Part Ca)Up until the 1940's rubber had only been obtained from the latex of rubber trees(Hevea brasiliensis) in plantations situated in tropical areas such as Malaya and Burma. The demand for rubber increased significantly during world war 2 as rubber was needed for tyres of military vehicles and the supply was interrupted by the conflict between the countries. Scientists in Germany and the US developed synthetic polymers that could replace rubber. Even after the war ended the traditional sources of natural rubber could not meet the greatly increased demand, so synthetic rubbers dominated the market.
Natural rubber [poly-cis-isoprene(C5H8)n]. the latex consists of a polymer colloid of a monomer called isoprene. The precipitation of the rubber particles from the latex produces an elastic, sticky, gummy mass. In 1839, Charles Goodyear found that by vulcanising (ie. Cross-linking the polymer chains) the natural rubber a non sticky elastic was produced. This vulcanised natural rubber soon became used in a wide variety of products including tyres, insulation, matresses and rainwear.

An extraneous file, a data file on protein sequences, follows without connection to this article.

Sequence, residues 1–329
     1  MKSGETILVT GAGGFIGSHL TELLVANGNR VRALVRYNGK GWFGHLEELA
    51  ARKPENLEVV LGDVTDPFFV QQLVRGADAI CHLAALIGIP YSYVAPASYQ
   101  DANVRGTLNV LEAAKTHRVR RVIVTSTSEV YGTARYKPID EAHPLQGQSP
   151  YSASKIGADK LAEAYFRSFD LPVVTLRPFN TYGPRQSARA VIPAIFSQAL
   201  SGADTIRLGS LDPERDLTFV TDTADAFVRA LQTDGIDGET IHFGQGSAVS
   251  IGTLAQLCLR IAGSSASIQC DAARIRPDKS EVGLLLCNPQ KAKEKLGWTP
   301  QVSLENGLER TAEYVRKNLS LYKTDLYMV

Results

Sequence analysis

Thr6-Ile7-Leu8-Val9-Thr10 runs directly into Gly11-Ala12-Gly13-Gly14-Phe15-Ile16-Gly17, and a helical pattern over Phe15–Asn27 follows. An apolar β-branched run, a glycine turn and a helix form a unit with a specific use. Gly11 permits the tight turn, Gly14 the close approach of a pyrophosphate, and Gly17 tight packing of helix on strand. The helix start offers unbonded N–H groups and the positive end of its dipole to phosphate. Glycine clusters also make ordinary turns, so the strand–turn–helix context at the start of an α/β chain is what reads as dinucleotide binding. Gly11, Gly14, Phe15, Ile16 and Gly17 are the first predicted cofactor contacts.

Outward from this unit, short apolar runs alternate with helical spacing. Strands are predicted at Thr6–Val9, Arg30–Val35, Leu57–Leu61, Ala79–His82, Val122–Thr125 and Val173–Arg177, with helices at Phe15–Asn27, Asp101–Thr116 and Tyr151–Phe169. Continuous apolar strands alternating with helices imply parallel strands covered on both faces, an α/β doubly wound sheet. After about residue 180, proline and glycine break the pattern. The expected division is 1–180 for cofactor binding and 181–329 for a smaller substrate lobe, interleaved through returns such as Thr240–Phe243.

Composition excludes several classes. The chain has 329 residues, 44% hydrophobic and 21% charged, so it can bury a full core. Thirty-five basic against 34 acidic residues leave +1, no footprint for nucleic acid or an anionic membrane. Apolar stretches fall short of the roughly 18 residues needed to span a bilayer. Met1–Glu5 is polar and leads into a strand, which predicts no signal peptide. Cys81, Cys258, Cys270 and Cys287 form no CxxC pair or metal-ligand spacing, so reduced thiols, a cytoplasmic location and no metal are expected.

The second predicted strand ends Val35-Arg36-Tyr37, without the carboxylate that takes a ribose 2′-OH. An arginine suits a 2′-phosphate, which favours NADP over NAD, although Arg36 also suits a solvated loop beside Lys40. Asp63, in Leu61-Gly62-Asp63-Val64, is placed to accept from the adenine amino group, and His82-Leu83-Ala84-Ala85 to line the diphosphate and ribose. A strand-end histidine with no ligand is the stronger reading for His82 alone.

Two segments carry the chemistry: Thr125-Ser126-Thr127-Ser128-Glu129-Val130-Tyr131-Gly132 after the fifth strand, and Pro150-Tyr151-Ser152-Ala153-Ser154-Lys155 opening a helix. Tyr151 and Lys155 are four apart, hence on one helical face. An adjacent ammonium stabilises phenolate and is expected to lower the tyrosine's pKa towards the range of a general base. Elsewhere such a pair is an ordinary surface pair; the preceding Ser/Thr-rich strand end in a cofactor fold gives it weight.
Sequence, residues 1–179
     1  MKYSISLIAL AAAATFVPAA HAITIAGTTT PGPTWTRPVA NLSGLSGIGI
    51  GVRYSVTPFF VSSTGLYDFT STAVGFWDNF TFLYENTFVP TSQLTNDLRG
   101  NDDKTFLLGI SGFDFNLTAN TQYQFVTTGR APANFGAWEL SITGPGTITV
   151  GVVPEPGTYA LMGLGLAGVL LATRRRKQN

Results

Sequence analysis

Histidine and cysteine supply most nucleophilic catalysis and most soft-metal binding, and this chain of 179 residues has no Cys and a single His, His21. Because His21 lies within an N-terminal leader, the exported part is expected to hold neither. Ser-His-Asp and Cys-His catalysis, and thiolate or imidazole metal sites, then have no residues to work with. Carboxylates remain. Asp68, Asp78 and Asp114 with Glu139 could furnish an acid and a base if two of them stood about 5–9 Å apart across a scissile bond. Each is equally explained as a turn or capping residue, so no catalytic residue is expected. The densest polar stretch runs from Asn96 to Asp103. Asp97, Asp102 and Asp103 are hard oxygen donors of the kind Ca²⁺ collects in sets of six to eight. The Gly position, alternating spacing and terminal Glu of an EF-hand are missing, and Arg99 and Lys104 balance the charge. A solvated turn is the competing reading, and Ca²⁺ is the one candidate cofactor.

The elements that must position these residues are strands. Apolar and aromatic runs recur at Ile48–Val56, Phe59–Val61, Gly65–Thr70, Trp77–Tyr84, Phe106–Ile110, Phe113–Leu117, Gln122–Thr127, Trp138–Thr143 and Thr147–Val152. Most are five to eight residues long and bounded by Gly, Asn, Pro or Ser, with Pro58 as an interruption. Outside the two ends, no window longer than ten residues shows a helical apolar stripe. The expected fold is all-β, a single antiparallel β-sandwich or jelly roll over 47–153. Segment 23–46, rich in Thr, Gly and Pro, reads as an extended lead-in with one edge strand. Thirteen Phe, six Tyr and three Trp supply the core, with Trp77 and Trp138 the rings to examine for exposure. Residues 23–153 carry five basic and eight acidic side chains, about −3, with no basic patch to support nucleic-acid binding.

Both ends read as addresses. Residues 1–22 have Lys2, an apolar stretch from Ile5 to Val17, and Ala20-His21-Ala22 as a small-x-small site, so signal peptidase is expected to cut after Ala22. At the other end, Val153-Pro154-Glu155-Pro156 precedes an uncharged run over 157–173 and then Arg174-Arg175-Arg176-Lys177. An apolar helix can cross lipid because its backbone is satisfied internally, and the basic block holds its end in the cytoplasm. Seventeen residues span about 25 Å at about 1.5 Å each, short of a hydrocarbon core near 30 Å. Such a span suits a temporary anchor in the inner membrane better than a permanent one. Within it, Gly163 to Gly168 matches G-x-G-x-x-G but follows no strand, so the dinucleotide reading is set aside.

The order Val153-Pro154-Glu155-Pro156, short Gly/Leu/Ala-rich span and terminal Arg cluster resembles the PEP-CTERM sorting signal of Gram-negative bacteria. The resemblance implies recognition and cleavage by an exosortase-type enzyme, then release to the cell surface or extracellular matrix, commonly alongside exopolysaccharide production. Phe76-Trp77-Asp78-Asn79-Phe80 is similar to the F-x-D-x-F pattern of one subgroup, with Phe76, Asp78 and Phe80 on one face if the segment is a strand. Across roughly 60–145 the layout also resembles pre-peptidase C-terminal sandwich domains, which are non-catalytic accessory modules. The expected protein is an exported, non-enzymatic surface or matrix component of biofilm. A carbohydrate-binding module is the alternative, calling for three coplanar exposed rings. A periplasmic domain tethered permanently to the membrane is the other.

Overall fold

Rubber production could not keep up with demand, especially from the vehicle industry. A synthetic replacement was needed. And today synthetic polymer production accounts for 80% of the worlds rubber production.
b) Styrene - butadiene rubberStyrene - butadiene rubber (SBR) is the most important synthetic rubber, a copolymer of butadiene (C4 H6) and as with most polymers the raw material is petroleum.
Butadiene rubber BR is important mainly in combination with other rubbers. Compounded with natural rubber and styrene- butadiene in the production of automotive tires. The process for creating styrene-butadiene rubber was through an emulsion procedure that used polymerization as the means of producing a material that had a low reaction viscosity, yet had all the attributes of natural rubber.
The butadiene industry originated in the years leading up to World...